Yuri - The GUI to my Firefox web browser does not work, Can I install XUbuntu20.04 from the command line?
Yup, here’s how:
Download the 64-bit XUbuntu ISO and save it in
xubuntu.isoby running this terminal command:
wget http://mirror.us.leaseweb.net/ubuntu-cdimage/xubuntu/releases/20.04/release/xubuntu-20.04.2.0-desktop-amd64.iso -O /tmp/xubuntu.iso
The download server above is a mirror server located in the US. The following commands download the ISO from a mirror located in…
wget http://mirror.aarnet.edu.au/pub/xubuntu/releases/20.04/release/xubuntu-20.04.2.0-desktop-amd64.iso -O /tmp/xubuntu.iso
wget http://ftp.uni-kl.de/pub/linux/ubuntu-dvd/xubuntu/releases/20.04/release/xubuntu-20.04.2.0-desktop-amd64.iso -O /tmp/xubuntu.iso
wget http://ubuntutym2.u-toyama.ac.jp/xubuntu/20.04/release/xubuntu-20.04.2.0-desktop-amd64.iso -O /tmp/xubuntu.iso
After the download of the ISO file is finished…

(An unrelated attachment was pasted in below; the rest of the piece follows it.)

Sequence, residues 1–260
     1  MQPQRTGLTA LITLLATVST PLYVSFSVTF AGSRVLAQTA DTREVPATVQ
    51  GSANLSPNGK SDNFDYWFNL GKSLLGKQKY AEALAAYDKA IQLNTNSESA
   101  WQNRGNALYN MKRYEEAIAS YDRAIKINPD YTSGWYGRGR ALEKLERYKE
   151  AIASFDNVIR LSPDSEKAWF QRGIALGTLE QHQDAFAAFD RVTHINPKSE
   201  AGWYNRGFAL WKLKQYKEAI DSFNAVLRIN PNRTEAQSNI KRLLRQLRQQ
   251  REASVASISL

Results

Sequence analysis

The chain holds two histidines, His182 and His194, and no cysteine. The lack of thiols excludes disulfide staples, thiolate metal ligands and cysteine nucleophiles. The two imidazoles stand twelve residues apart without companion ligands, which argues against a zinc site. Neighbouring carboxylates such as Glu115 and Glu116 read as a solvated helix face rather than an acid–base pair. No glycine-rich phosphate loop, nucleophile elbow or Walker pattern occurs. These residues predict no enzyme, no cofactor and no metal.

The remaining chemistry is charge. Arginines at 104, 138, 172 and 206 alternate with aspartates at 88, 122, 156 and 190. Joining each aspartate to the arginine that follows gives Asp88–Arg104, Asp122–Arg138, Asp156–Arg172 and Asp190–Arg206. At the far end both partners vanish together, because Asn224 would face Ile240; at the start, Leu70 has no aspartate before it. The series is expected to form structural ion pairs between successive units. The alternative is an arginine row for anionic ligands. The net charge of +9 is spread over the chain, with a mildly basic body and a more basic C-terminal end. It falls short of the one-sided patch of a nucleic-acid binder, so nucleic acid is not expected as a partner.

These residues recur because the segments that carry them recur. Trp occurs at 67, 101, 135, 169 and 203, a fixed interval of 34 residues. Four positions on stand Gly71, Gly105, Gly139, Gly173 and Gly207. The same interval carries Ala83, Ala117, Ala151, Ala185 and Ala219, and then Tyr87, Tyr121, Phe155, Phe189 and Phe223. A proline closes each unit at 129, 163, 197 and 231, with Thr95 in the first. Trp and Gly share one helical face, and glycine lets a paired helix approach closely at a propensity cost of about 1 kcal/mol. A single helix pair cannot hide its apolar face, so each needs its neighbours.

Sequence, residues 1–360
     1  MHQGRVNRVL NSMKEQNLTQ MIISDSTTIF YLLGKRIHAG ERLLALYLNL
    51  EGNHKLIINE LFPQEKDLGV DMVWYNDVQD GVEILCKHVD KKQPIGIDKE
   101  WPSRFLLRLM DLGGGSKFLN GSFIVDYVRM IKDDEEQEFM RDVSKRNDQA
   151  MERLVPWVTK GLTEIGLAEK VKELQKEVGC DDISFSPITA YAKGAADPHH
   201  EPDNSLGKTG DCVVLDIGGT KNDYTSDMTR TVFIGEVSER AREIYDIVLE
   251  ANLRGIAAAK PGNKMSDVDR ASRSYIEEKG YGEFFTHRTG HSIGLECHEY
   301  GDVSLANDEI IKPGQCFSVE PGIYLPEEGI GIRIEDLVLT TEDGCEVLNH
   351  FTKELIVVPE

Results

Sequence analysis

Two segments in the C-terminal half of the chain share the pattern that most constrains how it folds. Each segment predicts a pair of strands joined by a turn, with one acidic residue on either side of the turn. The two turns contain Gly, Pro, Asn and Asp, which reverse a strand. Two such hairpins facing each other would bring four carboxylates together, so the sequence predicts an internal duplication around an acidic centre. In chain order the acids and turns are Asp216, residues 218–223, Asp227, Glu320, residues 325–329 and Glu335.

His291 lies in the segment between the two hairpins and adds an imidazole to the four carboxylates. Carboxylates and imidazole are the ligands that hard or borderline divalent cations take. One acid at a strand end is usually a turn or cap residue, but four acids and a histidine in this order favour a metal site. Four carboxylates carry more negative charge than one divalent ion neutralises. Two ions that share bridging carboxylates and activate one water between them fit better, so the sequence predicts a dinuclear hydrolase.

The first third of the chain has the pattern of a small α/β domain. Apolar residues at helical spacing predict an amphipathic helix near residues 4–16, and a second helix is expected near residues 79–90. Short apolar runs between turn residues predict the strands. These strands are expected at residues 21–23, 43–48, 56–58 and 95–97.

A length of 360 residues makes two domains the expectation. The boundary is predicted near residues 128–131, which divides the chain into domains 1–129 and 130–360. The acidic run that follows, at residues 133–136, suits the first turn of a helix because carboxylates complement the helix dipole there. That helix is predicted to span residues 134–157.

If you intend to burn the ISO into an empty/blank writeable DVD disc, install
sudo apt install growisofs -y
…then insert your empty DVD disc in the DVD drive/writer and run this command:
growisofs -dvd-compat -Z /dev/sr0=/tmp/xubuntu.iso
…or this command:
growisofs -dvd-compat -Z /dev/dvdrw=/tmp/xubuntu.iso
…and then reboot the system when the burning is done, so you can boot from such DVD and install XUbuntu:
(other valid reboot comands are
sudo init 6,
sudo telinit 6and
sudo shutdown -r now)
If you intend to record the ISO file in a USB flash drive, connect such flash drive to a USB port and then run this command in order to find its device file:
df |grep -i `whoami`
If such command doesn’t help you, run
lsblkto find it. E.g.
/dev/sdb(the USB flash drive device) and
/dev/sdb1(its first partition). From now on I will presume that your flash drive is indeed the device linked to
/dev/sdband that it has only 1 primary partition (i.e.
The next step is to unmount your flash drive’s mounted partition:
sudo umount /dev/sdb1
…and then format it as FAT 32:
sudo mkfs.vfat /dev/sdb1